Madam Speaker, it is an honour to rise today to speak to this important motion by my colleague from Thornhill and for the first time on a foreign policy issue in my capacity as the deputy shadow cabinet minister for foreign affairs for our caucus. I look forward to working with our leader, and the member for Durham, as well as members of all parties on the important challenges facing Canada in a rapidly changing world. As I often say when I speak to students in my riding, our role in the opposition is not always to oppose the government. Rather, it is to support it when we think it is right, and to oppose it when we think it is wrong. On questions of foreign policy in particular, we will always seek to be constructive, while still being forceful and emphatic when we feel that its direction is at odds with Canadian values or Canada's interests.
In my speech today, I would like to cover some of the ground again on the situation in Venezuela. However, I will first articulate some of the underlying principles of our conservative foreign policy that animate this motion and inform our particular recommendations in this case.
As Conservatives, when it comes to foreign policy our core conviction is that our approach to the world must start with a clear definition of our values and objectives, and that those values and objectives should reflect principled conviction. We reject the vagaries of post-modern relativism, the idea that morality or human rights may differ from nation to nation or from culture to culture. We hold that human beings are human beings wherever they live, and that human rights, which arise from nature as opposed to custom or state diktat, are the same, regardless of the willingness of state or cultural institutions to defend them. It is important to say that we reject extreme Wilsonian idealism, which suggests that the world can be easily remade perfect. We understand the importance of pursuing human rights advancements as a process, of pursuing realistic and pragmatic improvements over time, but we also reject the idea that the violation of human rights and human dignity is ever acceptable, whether justified by ideology, culture, or political expediency.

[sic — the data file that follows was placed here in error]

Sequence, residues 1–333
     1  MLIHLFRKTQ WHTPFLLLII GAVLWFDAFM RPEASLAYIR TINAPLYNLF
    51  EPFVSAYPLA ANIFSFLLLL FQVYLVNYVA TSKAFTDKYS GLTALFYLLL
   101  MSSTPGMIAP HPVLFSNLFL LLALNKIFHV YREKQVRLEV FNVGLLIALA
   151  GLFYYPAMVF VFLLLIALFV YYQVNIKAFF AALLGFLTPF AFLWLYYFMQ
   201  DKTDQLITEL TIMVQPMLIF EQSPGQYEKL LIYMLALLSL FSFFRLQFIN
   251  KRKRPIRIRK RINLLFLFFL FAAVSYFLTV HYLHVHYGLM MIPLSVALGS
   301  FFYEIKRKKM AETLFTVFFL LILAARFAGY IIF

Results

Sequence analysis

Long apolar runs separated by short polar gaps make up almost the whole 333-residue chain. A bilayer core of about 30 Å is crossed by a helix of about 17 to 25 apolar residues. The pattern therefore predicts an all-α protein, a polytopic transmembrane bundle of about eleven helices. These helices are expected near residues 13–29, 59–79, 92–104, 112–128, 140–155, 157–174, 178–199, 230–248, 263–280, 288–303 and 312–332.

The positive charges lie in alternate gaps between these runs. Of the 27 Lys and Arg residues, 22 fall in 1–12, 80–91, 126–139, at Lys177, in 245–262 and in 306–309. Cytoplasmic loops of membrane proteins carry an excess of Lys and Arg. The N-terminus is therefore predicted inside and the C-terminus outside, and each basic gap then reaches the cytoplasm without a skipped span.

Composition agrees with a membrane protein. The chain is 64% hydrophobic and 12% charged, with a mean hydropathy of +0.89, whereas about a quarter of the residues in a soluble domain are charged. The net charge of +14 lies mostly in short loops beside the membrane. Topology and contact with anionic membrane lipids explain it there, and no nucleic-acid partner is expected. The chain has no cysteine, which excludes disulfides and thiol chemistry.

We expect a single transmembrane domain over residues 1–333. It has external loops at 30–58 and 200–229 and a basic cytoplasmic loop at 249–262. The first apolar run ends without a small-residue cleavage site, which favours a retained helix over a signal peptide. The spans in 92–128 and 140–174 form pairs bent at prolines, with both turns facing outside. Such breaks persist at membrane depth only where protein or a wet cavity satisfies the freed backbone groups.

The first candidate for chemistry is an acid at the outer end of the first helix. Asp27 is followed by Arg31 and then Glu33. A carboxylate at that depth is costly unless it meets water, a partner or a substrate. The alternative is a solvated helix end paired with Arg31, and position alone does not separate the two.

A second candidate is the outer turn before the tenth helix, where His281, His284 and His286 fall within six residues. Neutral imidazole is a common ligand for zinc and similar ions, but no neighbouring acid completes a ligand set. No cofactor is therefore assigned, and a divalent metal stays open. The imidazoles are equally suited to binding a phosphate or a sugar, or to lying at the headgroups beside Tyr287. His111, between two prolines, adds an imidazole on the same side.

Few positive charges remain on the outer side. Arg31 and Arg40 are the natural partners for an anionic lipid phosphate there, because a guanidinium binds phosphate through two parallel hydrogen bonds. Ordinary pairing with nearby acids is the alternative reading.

In this sense, our political tradition is both idealistic and pragmatic. It is the inheritor of Edmund Burke's Reflections on the Revolution in France and of Thomas More's Utopia, the first of which invites us to eschew extreme revolutionary change that would present risk to the good of society, and the second of which invites us to imagine different possible realities that are far outside our present experience. We can hold fast to absolute principle while also believing that the only way to build a better world is to take modest and pragmatic steps. Still we must never allow ourselves to deny our principles or to step backward further into the mists of injustice.
We also believe in multilateralism and engagement, the multilateral engagement that is rooted in our values and our desire to work with partners to advance our convictions on human rights and human dignity.
Our view is distinct from that of this government, a government that believes we can ignore human rights abuses or even praise human rights abusers if it achieves some instrumental good. Most often the good the government seeks is the approval of other nation states and the election of Canada to the United Nations Security Council. As abrasive as it may sound, it is hard to deny that fact. We have seen the government champion closer relations with Russia and Iran, even talking about aerospace opportunities in Iran. It has ignored repeated calls from the opposition to prioritize a response to the ethnic cleansing of Muslim Rohingya in Burma. It applauds the legacy of Fidel Castro. It has praised China's political model. In the case of Cuba and China, it has parroted those regimes' myths. The former foreign affairs minister praised Cuba's allegedly low crime rate, and the Prime Minister has praised China's alleged commitment to efficiencies and environmental improvements.
A more honest reckoning would observe that those political structures are characterized by outrageously harsh punishments even for non-violent crimes, and yet still very serious corruption in both cases. Praising other states is likely about currying favour and getting on the UN Security Council, although perhaps in some cases it may unfortunately represent a genuine romanticizing of these regimes.
The government's response to our criticisms of their relativistic and one-track UN Security Council focused foreign policy is to sometimes accuse us of being isolationist. It is actually quite alarming that the government would speak in this way, that somehow it believes that anyone who rejects their “go along to get along” approach is an isolationist.